Does the funding of infrastructure projects have a tangible benefit for development?

  • 07 October 2014 | Elinor Kern| Opinion

“To fund infrastructure or not to fund infrastructure?” is a question that engages many donors. And many donors do not fund infrastructure projects because they are seen to be expensive, high-risk and time-consuming, and their immediate impact is often difficult to measure.

Elinor Kern - author

While it is true that infrastructure grants are not usually quick-win grants and they often have a higher risk attached to them, they can be of significant value to the development sector, as a recent Anglo American Chairman’s Fund review revealed.

The fund recently reviewed its support of infrastructure over the past 15 years. The review found infrastructure to have a meaningful impact on development, but the importance of the approach to infrastructure grant-making was emphasised.

Tshikululu’s approach to infrastructure-grant relationships aims to be collaborative in nature rather than prescriptive. To this end, Tshikululu appoints technical experts, and has adopted an approach to infrastructure grant-making that we call development engineering. The approach places equal importance on people, the project and the physical building structure, as they are all inextricably linked.

Depending on the project and its requirements, the Tshikululu projects team/manager manages infrastructure projects from start to completion. The most important element of an infrastructure project is that the vision of the organisation for the project must align with the actual infrastructure design – e.g., if a university department aims to work more collaboratively, the structure of the offices can speak to this through transparent walls and doors and the actual layout of the offices. It is important to consider how best the physical structure serves the actual project.

In Tshikululu’s experience, this type of approach results in true partnerships, clear accountability structures and more sustainable results in the long term.

Tshikululu’s collaborative approach is firmly entrenched in these guiding principles:

  • Respect for the situation and views of others
  • Professionalism
  • Collaboration
  • Consultation
  • Thoroughness, and
  • Flexibility

Over the years, Tshikululu has learnt that there are a number of determinants that impact on the effectiveness of infrastructure grants:

  • There must be a clear vision: An organisation should have a clearly articulated vision, objective and anticipated outcome/impact both for the actual organisation, and the project requesting funding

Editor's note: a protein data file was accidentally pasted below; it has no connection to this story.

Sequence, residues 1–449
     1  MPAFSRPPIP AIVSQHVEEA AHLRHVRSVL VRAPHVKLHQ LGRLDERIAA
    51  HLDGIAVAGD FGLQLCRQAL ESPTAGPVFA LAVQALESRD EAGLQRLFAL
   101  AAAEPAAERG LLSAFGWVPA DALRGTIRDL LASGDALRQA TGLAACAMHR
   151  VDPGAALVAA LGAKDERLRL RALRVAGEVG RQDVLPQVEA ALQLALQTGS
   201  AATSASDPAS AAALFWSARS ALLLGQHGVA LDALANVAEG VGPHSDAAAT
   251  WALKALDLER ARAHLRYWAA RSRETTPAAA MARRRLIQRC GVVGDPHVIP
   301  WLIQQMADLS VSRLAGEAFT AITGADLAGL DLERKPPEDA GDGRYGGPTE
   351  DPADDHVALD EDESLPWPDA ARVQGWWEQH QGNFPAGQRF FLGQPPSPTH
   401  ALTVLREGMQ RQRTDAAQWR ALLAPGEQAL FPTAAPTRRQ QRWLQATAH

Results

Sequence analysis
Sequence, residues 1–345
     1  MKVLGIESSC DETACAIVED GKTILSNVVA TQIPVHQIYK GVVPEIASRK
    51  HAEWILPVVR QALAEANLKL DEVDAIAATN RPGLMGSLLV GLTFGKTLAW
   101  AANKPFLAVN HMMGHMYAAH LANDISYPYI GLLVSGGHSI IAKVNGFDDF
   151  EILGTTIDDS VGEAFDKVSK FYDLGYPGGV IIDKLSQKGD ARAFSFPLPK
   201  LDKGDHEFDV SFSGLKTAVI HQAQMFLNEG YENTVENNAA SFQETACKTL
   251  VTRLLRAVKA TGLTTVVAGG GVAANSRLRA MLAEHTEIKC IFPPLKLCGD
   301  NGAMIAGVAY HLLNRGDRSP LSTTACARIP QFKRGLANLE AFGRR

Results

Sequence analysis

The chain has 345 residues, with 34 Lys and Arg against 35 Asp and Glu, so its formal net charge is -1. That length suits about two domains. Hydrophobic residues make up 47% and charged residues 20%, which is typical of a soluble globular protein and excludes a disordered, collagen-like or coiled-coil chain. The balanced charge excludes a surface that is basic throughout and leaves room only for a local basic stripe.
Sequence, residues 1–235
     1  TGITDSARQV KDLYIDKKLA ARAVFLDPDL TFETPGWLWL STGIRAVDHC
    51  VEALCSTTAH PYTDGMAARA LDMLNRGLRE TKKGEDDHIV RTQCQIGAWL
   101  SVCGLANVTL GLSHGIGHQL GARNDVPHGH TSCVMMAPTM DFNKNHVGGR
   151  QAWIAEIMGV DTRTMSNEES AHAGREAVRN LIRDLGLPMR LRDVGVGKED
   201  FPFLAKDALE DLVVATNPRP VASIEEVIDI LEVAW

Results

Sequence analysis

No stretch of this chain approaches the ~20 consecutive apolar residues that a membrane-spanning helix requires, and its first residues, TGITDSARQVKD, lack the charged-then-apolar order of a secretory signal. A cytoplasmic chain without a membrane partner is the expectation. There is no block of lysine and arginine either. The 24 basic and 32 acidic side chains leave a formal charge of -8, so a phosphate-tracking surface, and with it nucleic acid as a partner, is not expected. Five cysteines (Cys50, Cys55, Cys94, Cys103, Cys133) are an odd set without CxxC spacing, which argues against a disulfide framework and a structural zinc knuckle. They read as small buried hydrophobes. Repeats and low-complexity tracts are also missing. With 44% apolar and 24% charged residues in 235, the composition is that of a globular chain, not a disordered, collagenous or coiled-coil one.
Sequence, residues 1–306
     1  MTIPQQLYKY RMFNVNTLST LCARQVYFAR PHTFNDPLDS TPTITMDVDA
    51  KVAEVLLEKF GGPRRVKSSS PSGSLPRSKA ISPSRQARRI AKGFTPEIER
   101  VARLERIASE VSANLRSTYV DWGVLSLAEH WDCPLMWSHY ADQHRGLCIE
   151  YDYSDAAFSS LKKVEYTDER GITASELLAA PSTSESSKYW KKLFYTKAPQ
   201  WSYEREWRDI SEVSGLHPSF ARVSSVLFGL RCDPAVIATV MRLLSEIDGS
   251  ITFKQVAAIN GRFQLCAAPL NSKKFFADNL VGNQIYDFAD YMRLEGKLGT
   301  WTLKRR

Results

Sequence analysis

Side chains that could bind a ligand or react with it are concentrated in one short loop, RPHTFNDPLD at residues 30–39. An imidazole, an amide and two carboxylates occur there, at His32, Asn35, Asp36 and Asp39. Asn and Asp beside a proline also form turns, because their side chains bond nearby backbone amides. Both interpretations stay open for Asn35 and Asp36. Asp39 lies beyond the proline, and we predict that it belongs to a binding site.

• There is community ownership and community participation: It must be clear what the potential partner organisation and its surrounding community bring to the project and to the relationship. Will the project clearly benefit its community and how has this been determined?
  • Level of grant management by the donor should be determined at the outset: Straightforward grant (no assistance from the donor); advisory (may involve the consultation of technical experts by the donor); or project management (the donor appoints someone internally or externally to project-manage the building process)
  • Following on from the previous point, grant contracting must clearly outline who the parties in the partnership are and what the expectations are of each party
  • Clear and regular communication must be structured, e.g. through regular steering committee meetings
  • Proper technical expertise should be harnessed (e.g. a quantity surveyor, architects, a water engineer, a soil expert, etc). Proper technical expertise will ensure that building compliance is adhered to, which directly impacts on the health and safety of the beneficiaries. Technical expertise may further add value in terms of applying green building principles and accessibility principles, which will assist with cost savings (through adequate temperature control, electricity costs can be lowered) and people with disabilities having access to the building.
  • Infrastructure projects carry a higher risk, and risk management should be built into the process
  • Follow-up is important – visits and engagement to assess the longer-term effectiveness of the project, to provide additional support if required, and sometimes to mitigate risk

A well-conceptualised and managed infrastructure project can be a significant catalyst for positive change within communities. Infrastructure can help unlock the potential of organisations to do more of what they do well.

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